Convalescent and Healthy Control Plasma Donors

Samples were provided as part of the EU Emergency Support Instrument (ESI) for collecting CCP and building capacity in plasma collection within EU Member States, European Commission, Directorate-General for Health and Food Safety, Health Systems, Medical Products and Innovation (September 01, 2020–August 31, 2021). In total, plasma samples from 190 blood donors were included in our study (105 CCP donors and 85 non-convalescent control donors). Plasma donors had to be 18 to 65 years old and weigh over 50 kg. They had to be well and generally fit, with no signs of any medical conditions which would endanger their health; they had to have suitable veins and a normal pulse. They had to be nonreactive for transmissible viruses, including hepatitis B and C, HIV, and syphilis. 68% of CCP donors were first-time donors, while the control group represented mostly repeated donors. Among convalescent donors, two were also vaccinated. When collecting CCP or control plasma, standard eligibility criteria for volunteer blood donors were used. Demographic information of donors is provided in Table 1. CCP donors had a history of polymerase chain reaction-confirmed SARS-CoV-2 infection with a median of 108 days before the day of donation. All plasma samples were collected between June 2020 and August 2021 with the apheresis procedure (SMART CONNECT PLASMACELL-C6R2278 Fresenius Kabi). Samples for biomarker analyses were obtained from the tubes connected to the infusion bags and immediately stored at −80°C until analysis, having undergone only a single freeze-thaw event.

Table 1.

Demographic features of CCP donors and non-convalescent control donors

ControlsCOVID-19p value
Demographic parameters 
 Gender: female 10 (11.8%) (N = 85) 12 (11.4%) (N = 105) 1.00 
 Age, years 40.0 [35.0–45.0] (N = 85) 46.0 [35.0–53.0] (N = 105) <0.001 
Blood groups 
 Blood group 0 25 (29.4%) (N = 85) 40 (38.1%) (N = 105) 0.22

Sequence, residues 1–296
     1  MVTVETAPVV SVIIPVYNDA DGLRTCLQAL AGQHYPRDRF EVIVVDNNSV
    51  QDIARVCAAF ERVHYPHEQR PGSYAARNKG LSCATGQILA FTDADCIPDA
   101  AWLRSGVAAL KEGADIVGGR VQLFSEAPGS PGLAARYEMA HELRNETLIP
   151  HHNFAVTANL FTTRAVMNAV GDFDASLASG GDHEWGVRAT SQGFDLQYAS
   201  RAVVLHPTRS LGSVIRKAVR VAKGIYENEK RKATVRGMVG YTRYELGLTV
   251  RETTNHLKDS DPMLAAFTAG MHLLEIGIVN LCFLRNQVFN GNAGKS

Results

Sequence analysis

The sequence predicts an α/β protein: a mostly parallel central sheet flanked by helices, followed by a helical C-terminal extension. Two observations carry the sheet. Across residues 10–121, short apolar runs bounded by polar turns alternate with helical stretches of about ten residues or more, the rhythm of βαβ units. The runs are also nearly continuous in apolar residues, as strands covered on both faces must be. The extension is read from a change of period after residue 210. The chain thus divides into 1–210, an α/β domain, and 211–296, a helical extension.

Blood group A 36 (42.4%) (N = 85) 35 (33.3%) (N = 105) 0.23 
 Blood group B 13 (15.3%) (N = 85) 19 (18.1%) (N = 105) 0.70 
 Blood group AB 11 (12.9%) (N = 85) 11 (10.5%) (N = 105) 0.65 
Serological testing 
 Abbott quantitative SARS-CoV-2 Ab test, AU/mL 824 [492–1,781] (N = 105) 
 Neutralization test (titer) 82 [73–93] (N = 69) 
COVID-19 features 
 Days after the start of COVID-19 symptoms 108 [73–132] (N = 91) 
 Group A: 0–60 days after the start of COVID-19 symptoms 16 (18.4%) (N = 87) 
 Group B: 60–120 days after the start of COVID-19 symptoms 38 (43.7%) (N = 87) 
 Group C: 120–180 days after the start of COVID-19 symptoms 33 (37.9%) (N = 87) 
 COVID-19 symptoms duration, days 11.0±1.0 (N = 47) 
ControlsCOVID-19p value
Demographic parameters 
 Gender: female 10 (11.8%) (N = 85) 12 (11.4%) (N = 105) 1.00 
 Age, years 40.0 [35.0–45.0] (N = 85) 46.0 [35.0–53.0] (N = 105) <0.001 
Blood groups 
 Blood group 0 25 (29.4%) (N = 85) 40 (38.1%) (N = 105) 0.22 
 Blood group A 36 (42.4%) (N = 85) 35 (33.3%) (N = 105) 0.23 
 Blood group B 13 (15.3%) (N = 85) 19 (18.1%) (N = 105) 0.70 
 Blood group AB 11 (12.9%) (N = 85) 11 (10.5%) (N = 105) 0.65 
Serological testing 
 Abbott quantitative SARS-CoV-2 Ab test, AU/mL 824 [492–1,781] (N = 105) 
 Neutralization test (titer) 82 [73–93] (N = 69) 
COVID-19 features 
 Days after the start of COVID-19 symptoms 108 [73–132] (N = 91) 
 Group A: 0–60 days after the start of COVID-19 symptoms 16 (18.4%) (N = 87) 
 Group B: 60–120 days after the start of COVID-19 symptoms 38 (43.7%) (N = 87) 
 Group C: 120–180 days after the start of COVID-19 symptoms 33 (37.9%) (N = 87) 
 COVID-19 symptoms duration, days 11.0±1.0 (N = 47) 

All data were not available for every plasma donor. The N represents the total number of samples for which the data were available for a particular parameter.

SARS-CoV-2 Antibody Testing

Abbott SARS-CoV-2 IgG II Quant (Abbott Ireland), a second-generation chemiluminescent microparticle immunoassay for the quantitative determination of IgG Abs to the receptor-binding domain of the S1 subunit of the SARS-CoV-2 spike protein was performed in all 105 CCP donors. All tests were performed according to the manufacturer’s instructions.

A standard live SARS-CoV-2 microneutralization assay was used for NAb testing. The assay readout was the cytopathic effect, where the assay cut-off titer was <1:20. Assay results below the lower limit of quantitation were set to 0.5 times the lower limit of quantitation. The neutralization tests were performed on 69 CCP donors by the Institute of Microbiology and Immunology, Faculty of Medicine, University of Ljubljana.

Detection of Cytokine Levels in Plasma Specimens